Like many other little girls, I spent a brief moment of my childhood enveloped in the world of tutus and ballet shoes. I recall the early days of joyfully jumping over fake puddles and not worrying about technique or having any real skill. Then, I started taking classes with a serious instructor, a strict disciplinary with a thick Russian accent and no time for foolishness.
That wasn’t me. I had no desire to train hard and suffer through endless criticism. I also wasn’t all that good, which may be why when I said I wanted to quit, my parents didn’t put up a fight. And, when the teacher questioned my decision, and wondered why my mom wasn’t forcing me to continue, my mom just shrugged it off.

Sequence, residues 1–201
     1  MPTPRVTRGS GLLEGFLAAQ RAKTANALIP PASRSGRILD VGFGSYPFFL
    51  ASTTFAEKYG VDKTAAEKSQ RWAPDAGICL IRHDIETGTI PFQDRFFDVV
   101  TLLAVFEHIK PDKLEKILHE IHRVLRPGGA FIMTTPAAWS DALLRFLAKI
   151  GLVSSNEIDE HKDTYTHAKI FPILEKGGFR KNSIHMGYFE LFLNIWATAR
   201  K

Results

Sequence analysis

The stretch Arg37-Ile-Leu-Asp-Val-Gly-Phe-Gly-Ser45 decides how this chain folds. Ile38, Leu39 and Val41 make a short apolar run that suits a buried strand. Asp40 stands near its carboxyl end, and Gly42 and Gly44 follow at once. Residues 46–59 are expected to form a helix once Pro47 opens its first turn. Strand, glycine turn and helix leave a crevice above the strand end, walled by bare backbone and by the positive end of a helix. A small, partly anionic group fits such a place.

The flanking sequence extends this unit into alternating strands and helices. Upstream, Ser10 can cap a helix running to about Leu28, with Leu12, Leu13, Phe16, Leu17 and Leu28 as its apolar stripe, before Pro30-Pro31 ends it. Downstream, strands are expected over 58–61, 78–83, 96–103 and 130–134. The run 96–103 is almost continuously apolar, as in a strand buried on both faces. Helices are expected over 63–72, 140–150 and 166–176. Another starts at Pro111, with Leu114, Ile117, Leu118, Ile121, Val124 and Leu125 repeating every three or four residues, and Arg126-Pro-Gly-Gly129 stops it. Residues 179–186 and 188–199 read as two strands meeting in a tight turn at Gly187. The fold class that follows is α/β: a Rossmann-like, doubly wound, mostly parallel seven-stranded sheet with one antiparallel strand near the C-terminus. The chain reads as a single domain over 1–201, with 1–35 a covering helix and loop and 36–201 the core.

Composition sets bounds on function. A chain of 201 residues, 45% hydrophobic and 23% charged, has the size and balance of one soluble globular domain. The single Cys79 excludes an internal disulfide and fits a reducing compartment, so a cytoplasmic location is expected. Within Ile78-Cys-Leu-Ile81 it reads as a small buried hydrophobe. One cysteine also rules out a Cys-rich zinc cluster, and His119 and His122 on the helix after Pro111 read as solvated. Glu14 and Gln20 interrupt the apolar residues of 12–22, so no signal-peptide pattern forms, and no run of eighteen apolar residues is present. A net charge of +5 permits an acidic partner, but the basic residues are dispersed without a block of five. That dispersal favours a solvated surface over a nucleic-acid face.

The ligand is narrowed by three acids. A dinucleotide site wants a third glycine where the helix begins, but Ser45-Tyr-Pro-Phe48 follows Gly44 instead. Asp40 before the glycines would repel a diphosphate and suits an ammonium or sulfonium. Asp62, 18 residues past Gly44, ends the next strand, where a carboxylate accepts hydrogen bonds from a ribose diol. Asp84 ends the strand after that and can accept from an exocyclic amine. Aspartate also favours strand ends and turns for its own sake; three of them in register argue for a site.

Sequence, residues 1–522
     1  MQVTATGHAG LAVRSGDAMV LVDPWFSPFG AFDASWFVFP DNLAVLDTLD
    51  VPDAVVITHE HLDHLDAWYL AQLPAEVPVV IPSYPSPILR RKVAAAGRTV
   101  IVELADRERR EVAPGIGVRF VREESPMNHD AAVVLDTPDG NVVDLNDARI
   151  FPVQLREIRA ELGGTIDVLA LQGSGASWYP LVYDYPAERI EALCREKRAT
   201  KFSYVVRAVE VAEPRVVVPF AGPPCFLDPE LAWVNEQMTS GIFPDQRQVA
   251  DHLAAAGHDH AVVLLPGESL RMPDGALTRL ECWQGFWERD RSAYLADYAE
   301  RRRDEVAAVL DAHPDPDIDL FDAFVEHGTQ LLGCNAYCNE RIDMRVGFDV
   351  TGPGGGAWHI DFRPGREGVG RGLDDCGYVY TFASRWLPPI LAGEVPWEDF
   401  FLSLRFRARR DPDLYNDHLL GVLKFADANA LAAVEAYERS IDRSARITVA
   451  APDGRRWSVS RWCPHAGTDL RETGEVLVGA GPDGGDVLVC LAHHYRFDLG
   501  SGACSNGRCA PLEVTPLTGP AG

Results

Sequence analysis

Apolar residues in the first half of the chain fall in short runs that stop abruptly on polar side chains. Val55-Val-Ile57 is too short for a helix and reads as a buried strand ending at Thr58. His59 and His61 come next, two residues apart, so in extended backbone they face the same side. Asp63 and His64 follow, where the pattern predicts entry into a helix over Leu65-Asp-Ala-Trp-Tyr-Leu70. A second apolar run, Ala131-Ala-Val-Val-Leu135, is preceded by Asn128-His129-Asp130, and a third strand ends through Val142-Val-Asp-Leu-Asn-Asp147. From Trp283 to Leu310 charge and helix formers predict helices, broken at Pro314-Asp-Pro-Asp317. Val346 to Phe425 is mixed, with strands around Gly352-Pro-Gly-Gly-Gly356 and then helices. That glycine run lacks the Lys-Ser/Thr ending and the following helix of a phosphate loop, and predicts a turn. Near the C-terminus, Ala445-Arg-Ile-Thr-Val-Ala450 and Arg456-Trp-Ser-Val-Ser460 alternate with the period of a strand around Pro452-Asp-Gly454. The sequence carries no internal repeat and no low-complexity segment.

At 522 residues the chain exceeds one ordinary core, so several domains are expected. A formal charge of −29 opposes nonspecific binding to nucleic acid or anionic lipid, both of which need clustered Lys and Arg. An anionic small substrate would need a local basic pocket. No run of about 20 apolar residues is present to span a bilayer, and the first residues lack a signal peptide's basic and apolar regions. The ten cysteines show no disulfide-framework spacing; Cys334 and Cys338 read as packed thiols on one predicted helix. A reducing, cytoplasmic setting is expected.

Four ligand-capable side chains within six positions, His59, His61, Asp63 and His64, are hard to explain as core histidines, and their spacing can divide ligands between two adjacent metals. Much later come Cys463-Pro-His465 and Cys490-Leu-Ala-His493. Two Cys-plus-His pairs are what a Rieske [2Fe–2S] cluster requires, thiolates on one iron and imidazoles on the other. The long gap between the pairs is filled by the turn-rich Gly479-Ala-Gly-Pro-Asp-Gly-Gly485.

I went on to attempt many activities from gymnastics to ice skating to piano. Some lasted a few years, others barely a few weeks. My skills in each varies from decent to not terrible, but no matter how well I did, I was never pushed to continue if I wanted to stop.
I am so appreciative of my parents for not pressuring me to keep doing something I didn’t love. I had to prove nothing to no one. I could just be a kid.
I always thought I would model this example as a parent. I would let my children try many things, and be ok if they want to stop. I wouldn’t be a “tiger mom” pushing my kids to succeed at all costs.
Yet, I find myself close to doing exactly that. Continue reading